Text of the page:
DNA needing repair may have adverse results on your telomeres!
Researchers have found that inhibiting DNA recombination at the telomeres can promote longevity, at least in yeast.
“Homologous recombination is a process used to repair double stranded breaks in DNA, thereby preventing genome instability which is believed to cause aging. The shortening of telomeres, the physical ends of eukaryotic linear chromosomes, has also implicated in aging. However, due to the resemblance of telomeres to DNA double strand breaks (DSBs), homologous recombination can not be eliminated from telomeres.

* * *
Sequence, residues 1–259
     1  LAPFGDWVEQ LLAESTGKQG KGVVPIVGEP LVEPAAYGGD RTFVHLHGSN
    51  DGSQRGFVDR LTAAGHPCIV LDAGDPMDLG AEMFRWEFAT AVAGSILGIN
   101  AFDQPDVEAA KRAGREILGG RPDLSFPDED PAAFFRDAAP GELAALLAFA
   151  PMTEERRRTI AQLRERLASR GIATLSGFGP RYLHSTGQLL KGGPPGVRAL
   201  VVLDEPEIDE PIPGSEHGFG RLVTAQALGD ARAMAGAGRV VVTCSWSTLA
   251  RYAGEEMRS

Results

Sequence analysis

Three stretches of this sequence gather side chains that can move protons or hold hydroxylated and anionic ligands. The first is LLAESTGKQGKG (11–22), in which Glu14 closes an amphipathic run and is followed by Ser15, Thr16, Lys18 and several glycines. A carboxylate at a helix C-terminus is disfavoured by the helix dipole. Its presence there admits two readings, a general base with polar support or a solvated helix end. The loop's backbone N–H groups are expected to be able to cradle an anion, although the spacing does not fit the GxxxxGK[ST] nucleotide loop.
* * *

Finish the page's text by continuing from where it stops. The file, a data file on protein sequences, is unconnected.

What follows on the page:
Professor Zhou Jinqiu and his group at the Institute of Biochemistry and Cell Biology, Shanghai Institutes for Biological Sciences, Chinese Academy of Sciences, has now identified a telomere recombination regulator, the yeast KEOPS subunit Cgi121, as a novel longevity regulator. They showed that inactivation of Cgi121 inhibited telomere recombination and significantly extended the lifespan of yeast.
In the present study, Zhou and colleagues confirmed that telomere recombination accelerates aging and inhibition of homologous recombination at the telomeres restores lifespan.” – Asian Scientist